Amnesty International report on Syria: Torture in detention
14 March 2012
Syria is bleeding! New report finds systemic and widespread torture and ill-treatment in detention
A new report on torture, the one year anniversary of the uprisings, ongoing slaughter and a need to take action will see Amnesty International and Syrian Solidarity New Zealand stand together on Saturday 17th March in Auckland to ask, “How much blood needs to be shed before the world helps Syria?”
Amnesty International has today released the report, ‘I wanted to die’: Syria’s torture survivors speak out, which documents 31 methods of torture or other ill-treatment by security forces, army and pro-government armed shabiha gangs, described by witnesses or victims to Amnesty International researchers in Jordan in February 2012.
"The testimonies our researchers have heard give disturbing insights into a system of detention and interrogation which, a year after protests began, appears intended primarily to degrade, humiliate and terrify its victims into silence," said Rebecca Emery Deputy Director at Amnesty International.
Amnesty International said that the testimonies of torture survivors presented yet more evidence of crimes against humanity in Syria.
“We’re appalled at the senseless shelling of civilians, the cold-blooded torture and the failure of the global community to act,” said Emery.
The organisation has repeatedly called for the situation in Syria to be referred to the Prosecutor of the International Criminal Court (ICC) but political factors have so far prevented this happening, with Russia and China twice blocking weakened UN Security Council draft resolutions that made no reference to the ICC.
“We cannot sit idly by while defenceless people are slaughtered and are denied human rights, it’s time to deliver a strong message to Russia - as the leading arms supplier to Syria - to stop the flow of guns, bombs and other munitions that continues to fuel President Al-Assad’s bloody crackdown.”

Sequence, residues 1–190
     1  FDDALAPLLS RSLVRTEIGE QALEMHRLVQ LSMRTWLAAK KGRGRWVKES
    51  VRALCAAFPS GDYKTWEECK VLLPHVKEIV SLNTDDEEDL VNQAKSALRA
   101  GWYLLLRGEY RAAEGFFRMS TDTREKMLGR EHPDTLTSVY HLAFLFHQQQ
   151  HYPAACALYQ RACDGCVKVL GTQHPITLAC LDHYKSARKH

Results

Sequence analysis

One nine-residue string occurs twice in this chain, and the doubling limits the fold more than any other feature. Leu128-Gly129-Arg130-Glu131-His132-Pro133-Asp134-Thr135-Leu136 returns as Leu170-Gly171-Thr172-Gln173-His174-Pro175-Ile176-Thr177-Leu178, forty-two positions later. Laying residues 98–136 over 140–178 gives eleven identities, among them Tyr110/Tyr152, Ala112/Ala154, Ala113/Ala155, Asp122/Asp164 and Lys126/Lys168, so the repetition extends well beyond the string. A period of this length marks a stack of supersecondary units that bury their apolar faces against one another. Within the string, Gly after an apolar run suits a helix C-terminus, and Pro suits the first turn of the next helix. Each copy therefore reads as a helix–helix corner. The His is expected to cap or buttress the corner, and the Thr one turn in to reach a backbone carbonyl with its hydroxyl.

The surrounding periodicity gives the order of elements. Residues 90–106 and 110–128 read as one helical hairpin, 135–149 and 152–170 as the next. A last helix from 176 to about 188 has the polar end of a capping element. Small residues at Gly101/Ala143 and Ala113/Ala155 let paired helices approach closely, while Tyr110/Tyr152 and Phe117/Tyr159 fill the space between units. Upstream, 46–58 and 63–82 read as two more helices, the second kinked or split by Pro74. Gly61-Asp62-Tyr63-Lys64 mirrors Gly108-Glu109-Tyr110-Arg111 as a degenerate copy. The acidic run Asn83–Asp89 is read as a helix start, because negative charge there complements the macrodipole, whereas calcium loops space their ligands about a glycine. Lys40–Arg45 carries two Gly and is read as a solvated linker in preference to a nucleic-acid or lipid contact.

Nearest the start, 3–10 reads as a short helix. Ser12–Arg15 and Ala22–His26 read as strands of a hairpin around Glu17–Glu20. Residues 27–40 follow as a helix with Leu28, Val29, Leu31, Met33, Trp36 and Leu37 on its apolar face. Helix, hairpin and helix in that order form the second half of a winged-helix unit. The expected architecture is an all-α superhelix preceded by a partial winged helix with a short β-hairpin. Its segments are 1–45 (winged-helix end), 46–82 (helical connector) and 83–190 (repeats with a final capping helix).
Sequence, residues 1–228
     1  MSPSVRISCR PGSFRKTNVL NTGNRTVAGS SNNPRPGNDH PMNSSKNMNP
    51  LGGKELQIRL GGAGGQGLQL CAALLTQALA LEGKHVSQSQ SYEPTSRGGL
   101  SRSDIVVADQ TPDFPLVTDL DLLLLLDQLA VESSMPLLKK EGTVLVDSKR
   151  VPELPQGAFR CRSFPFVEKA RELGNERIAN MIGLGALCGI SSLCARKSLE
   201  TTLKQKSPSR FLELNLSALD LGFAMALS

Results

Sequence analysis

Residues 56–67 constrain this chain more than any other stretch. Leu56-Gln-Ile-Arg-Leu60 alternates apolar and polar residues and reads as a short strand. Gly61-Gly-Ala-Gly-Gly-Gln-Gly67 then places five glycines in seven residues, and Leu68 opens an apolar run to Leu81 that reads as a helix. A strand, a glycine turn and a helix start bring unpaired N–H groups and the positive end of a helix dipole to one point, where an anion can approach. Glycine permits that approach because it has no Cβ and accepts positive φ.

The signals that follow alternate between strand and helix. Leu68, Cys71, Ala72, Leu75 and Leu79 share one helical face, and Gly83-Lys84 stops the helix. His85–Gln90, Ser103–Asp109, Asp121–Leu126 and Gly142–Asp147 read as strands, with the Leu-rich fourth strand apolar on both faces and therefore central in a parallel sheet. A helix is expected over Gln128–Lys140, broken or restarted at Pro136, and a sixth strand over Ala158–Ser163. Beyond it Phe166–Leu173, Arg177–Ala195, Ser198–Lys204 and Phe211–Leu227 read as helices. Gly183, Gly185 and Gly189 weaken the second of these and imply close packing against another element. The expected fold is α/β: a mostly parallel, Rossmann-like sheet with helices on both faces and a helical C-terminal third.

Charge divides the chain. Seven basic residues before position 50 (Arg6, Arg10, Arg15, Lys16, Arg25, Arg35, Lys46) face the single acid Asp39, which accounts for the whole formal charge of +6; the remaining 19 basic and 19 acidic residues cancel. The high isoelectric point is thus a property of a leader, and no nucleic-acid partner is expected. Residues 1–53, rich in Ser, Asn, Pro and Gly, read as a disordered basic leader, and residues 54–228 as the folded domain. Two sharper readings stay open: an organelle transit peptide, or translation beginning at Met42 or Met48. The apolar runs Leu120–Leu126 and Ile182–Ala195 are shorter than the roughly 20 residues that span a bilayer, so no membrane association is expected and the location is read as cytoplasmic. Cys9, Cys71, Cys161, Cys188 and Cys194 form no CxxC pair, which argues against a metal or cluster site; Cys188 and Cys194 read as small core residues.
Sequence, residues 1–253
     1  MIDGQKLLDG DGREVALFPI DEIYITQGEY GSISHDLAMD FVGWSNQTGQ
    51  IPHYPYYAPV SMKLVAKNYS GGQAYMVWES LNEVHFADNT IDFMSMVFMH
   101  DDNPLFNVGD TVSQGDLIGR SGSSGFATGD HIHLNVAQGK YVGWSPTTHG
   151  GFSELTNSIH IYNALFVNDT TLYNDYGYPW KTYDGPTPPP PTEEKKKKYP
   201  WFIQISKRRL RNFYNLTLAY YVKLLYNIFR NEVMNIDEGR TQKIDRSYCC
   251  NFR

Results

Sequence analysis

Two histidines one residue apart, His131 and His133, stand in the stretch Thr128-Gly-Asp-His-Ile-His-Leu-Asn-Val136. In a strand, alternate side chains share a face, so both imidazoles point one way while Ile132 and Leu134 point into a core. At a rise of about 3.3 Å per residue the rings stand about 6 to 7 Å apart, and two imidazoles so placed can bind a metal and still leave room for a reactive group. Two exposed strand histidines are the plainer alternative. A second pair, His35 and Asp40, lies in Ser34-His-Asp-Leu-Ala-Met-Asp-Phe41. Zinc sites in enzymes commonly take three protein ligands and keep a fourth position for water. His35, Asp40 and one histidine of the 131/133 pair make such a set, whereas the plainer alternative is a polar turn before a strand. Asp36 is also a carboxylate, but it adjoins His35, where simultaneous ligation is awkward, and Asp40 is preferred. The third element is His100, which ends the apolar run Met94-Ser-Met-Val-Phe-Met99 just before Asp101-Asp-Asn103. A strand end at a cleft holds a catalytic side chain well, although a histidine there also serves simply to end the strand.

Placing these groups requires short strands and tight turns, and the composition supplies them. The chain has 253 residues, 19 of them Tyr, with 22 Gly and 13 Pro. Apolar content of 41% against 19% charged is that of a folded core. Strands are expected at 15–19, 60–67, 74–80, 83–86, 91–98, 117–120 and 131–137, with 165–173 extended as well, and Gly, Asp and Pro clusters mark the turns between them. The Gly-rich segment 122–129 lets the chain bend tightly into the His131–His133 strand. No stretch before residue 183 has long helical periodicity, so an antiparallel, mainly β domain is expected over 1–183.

More than 6,500 people have died in the unrest, while many more thousands have been injured. Those thousands who have been arrested are often held in centres where torture is commonplace, and where at least 270 people have died in custody.
“We’re also calling on the Syrian government to immediately give humanitarian agencies and human rights organisation full and unhindered access,” adds Emery.
At the vigil on Saturday, people will have the chance to sign “bandages” calling on the Russian government to use its influence with the Syrian government to immediately end excessive use of force against residential areas and allow peaceful dissent. The Syrian community will be seeking donations in support of humanitarian assistance and providing first-hand accounts of previous attacks which saw them previously forced to flee Syria.
What: Stand up with Syrian Solidarity New Zealand and Amnesty International to take action on behalf of the people of Syria
When: Saturday, March 17, 2.30 - 3.30pm
Where: Aotea Square, Queen Street, Auckland
Further Background: In light of the failure to secure an ICC referral, Amnesty International said it wanted to see the UN Human Rights Council extend the mandate of the UN Commission of Inquiry on Syria and reinforce its capacity to monitor, document and report, with a view to eventual prosecutions of those responsible for crimes under international law and other gross violations of human rights.
Map: The new research on torture is presented on Amnesty International's Eyes on Syria website (www.eyesonsyriaorg), an interactive mapping platform that documents human rights violations in the context of the popular uprising.